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 Tuesday, November 28, 2006 IssueFaculty/Staff E-Newsletter

Special Pandemic Flu Edition


Pandemic Flu—A Call for Social Justice Action
By Richard A. Rodriguez, Ph.D., Director, Counseling and Psychological Services: A Community Action Center

I am thankful to Inside CU for having this issue devoted to concerns and critical information about the pandemic flu. As a campus community, we need to consider multiple perspectives: What are our fears and concerns? What are our hopes and expectations? How will we support each other as a community, ranging from those directly impacted to people who know others directly impacted to those who are concerned about contracting pandemic flu? 

I first ask that we consider community social justice needs and responses. In Susan Sontag's book, "AIDS and Its Metaphors," she raised several instances in which this country named diseases for countries and cultures (i.e., the Asian Flu, the French Pox, the German Measles). We have also been concerned about attacks from African "Killer" Bees and today, West Nile Virus. One of Sontag's main points was the unconscious linking of a disease to a specific population instead of to people who actually do have the disease, and how that could influence the assumptions we make and how we treat each other.

We fear what we don't know. When we don't have information, it is easy to grasp for assumptions and stereotypes in order to make sense of a confusing issue. It is at this point when assumptions and stereotypes can have a negative impact on specific groups of people, especially when we see groups as different from ourselves.

I recall when SARS (severe acute respiratory syndrome) became a prominent worldwide worry. People were not allowed into the United States from various countries suspected of having case(s); professional organizations were considering canceling national conventions in major cities where a suspected case was being investigated. I lived in San Francisco at the time and I remember having a conversation with a Chinese American colleague about the impact of SARS worries on Chinatown businesses and restaurants. She shared that patronage at shops and restaurants had declined. We also discussed potential discrimination against Asian American students from any and all Asian countries as a result of fear. This conversation took place at a Chinese restaurant close to the university and it was a conscious choice to go there.

I lived in Utah in the early days of HIV. I remember a state legislator calling for gay, lesbian, and bisexual people to be sent to an island in the middle of the Great Salt Lake as a public health prevention strategy. This definitely added to assumptions and discriminatory practices against GLBT people just for being who they are—regardless of HIV status. I also recall attending a professional convention and hearing a colleague share that on his flight, the person sitting next to him asked him what his profession was and my colleague shared that he was a psychologist and worked with the GLBT community. That person then asked a flight attendant to be moved to another seat and his request was granted.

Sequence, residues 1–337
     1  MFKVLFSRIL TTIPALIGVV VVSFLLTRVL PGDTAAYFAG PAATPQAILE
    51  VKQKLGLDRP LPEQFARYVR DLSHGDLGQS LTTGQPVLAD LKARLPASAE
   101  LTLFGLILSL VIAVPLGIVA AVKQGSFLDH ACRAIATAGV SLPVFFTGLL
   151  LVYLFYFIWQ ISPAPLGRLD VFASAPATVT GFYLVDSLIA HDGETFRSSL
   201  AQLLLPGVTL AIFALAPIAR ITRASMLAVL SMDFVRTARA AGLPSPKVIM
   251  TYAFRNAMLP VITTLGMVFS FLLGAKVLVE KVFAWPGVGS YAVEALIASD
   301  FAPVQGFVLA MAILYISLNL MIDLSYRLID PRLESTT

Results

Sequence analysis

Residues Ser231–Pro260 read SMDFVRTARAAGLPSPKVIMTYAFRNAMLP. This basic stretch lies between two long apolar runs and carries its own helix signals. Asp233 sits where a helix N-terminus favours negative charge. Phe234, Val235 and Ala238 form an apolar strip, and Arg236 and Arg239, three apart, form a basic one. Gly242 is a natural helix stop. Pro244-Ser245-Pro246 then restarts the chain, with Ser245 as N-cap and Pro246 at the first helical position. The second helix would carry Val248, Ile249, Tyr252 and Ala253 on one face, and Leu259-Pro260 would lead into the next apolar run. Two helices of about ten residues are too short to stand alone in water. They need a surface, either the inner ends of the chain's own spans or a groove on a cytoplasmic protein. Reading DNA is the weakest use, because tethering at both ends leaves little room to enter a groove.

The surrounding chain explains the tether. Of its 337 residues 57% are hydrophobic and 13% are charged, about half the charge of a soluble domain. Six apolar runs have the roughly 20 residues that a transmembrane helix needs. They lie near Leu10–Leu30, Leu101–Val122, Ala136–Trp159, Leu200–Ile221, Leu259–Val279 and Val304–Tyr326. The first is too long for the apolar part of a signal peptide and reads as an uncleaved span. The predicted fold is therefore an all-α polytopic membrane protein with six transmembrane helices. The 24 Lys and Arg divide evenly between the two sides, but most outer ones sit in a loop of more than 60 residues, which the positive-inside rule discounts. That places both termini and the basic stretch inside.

I know this has happened in the past and that it could happen again. Our fears and lack of accurate information influence the assumptions we make about people. I ask us to be mindful of how the words quarantine or isolation may affect LGBT people given past and current assumptions and discriminatory actions against the community. I ask us to be mindful of international students from countries where pandemic flu has been investigated and the impact of assumptions on their emotional and physical well-being. I ask us to be mindful of people of color, regardless of national/cultural origin who have had assumptions made about them. I ask us to be mindful of people with disabilities and the impact of assumptions of connection with pandemic flu based solely on being a person with a disability.

When stress and anxiety are at peak levels, lack of control is at the bottom. Accurate information can be invaluable as we approach something we don't know or are anxious about. I ask that we treat each other fairly, from a social justice perspective—acknowledging that people different from us have been treated unfairly in our society, given issues of power, privilege, and discrimination and that we all need to act as intentional allies to each other in order to survive (Jonathan Poullard/UC Berkeley). As we learn more, I am asking us to be checking our assumptions about groups of people different from us and to be at the forefront of preventing the spread of fears about specific groups of people. Starting here—del corazon (from the heart), I am hopeful that we can succeed in creating a mentally/physically healthy and socially just and positive campus climate.

Richard A. Rodriguez, Ph.D. is Director of Counseling and Psychological Services:  A Community Action Center and a Hazel Gates Woodruff Senior Scholar in the Women and Gender Studies Program at CU-Boulder.

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